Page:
Blockchain Technology Hits the Retirement Plan Industry

Employee Benefits News examines legal developments that impact the employee benefits and executive compensation employers provide, including federal and state legislation, rules from federal...

By Jasmine Ye Han

Auctus, a startup company that’s aiming to build a platform for blockchain-powered pension funds, is launching the presale for its initial coin offering Oct. 3.

It comes at a time when some of the largest retirement service companies are trying to tap blockchain technology because of its potential to increase efficiency in record keeping, document sharing, transaction settlements, contract execution, and business collaboration.

Blockchain is a real time distributed ledger system where every device in the network has a live copy of the ledger. Cryptocurrencies like Bitcoin and Ethereum are enabled by blockchain. Although there’s some controversy over cryptocurrencies given recent crackdowns in some countries, many industries are trying to adopt the technology.

“We’re very excited about the potential blockchain has for us as a record-keeping system. It’s definitely a more secure record-keeping system than we already have in the industry,” said Roshina Nandra, vice president of Prudential’s retirement innovation lab, where Nandra leads the research and development of blockchain usage in retirement services. Prudential first began exploring the technology three years ago, and started building proofs of concept two years ago.

Fidelity also has explored the technology for at least three years. It has partnered with academia in blockchain and cryptocurrency research, and has made venture investments in some startups in the area. Fidelity Labs, the company’s innovation group, has been doing research and experiments in the area.

“Blockchain technology isn’t just a more efficient way to settle securities -- it will fundamentally change market structures -- and maybe even the architecture of the Internet itself,” Fidelity CEO Abigail Johnson said this May at a blockchain conference.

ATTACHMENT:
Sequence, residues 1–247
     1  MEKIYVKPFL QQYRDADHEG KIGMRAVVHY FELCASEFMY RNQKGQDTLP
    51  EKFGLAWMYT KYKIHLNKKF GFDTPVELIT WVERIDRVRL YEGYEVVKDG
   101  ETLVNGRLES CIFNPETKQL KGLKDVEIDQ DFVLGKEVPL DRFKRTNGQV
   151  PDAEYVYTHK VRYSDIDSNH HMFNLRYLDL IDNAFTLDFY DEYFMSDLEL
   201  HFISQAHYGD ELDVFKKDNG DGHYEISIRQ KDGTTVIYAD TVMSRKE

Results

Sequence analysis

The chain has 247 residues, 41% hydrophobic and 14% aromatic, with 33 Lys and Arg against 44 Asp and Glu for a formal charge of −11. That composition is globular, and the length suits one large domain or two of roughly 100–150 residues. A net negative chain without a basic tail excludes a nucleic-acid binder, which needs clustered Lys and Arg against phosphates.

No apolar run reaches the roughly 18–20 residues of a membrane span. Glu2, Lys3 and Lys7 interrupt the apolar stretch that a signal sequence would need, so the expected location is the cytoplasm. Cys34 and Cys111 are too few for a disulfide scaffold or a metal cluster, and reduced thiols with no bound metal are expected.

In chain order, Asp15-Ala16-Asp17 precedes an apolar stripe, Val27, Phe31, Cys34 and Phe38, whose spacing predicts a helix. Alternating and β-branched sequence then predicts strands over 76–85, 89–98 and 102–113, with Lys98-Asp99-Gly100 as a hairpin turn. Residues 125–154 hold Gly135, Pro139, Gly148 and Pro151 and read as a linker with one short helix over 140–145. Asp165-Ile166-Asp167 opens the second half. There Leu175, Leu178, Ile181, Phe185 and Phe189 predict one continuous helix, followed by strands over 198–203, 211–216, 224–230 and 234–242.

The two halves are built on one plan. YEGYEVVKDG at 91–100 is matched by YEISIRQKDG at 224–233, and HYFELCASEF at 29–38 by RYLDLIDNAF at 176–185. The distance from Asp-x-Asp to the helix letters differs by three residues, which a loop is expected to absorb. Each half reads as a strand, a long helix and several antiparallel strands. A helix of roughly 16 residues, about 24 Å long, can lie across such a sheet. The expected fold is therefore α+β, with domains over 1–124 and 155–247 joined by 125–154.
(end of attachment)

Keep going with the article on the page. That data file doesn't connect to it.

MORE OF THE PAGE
Smart Contract: ‘Automated Decision-Making’

A pension plan is nothing more than a contract, where you’re obligated to make certain payments and guaranteed to get payouts at a certain time, Raphael Vantroost with Auctus told Bloomberg BNA. That’s where the smart contract comes in.

A smart contract includes provisions that can execute automatically when predefined conditions are met. It’s a feature introduced by the Ethereum blockchain, while the Bitcoin blockchain is a distributed ledger system currently limited to transfer of currency.

The Auctus platform, if built successfully, would automate contribution collection, pension payouts, and audit reporting, with the terms written into the codes, Vantroost said. “In the case of an employer-sponsored plan, the contribution match calculation and vesting rules will also be established in the smart contract code,” according to the Auctus white paper.

Many small pension plans still work with spreadsheets, and manual processes open the door for people to manipulate or make errors, which could potentially cause a big loss, Vantroost said. While larger plans often use a business management system that automates the process, the software is usually expensive, and a blockchain-powered platform is a better alternative, he said.

Smart contract increases efficiency because it enables “automated decision making,” Prudential’s Nandra said. She didn’t mention any specific experiments related to retirement plans but said the company is exploring the use of smart contract to create other “smart products.”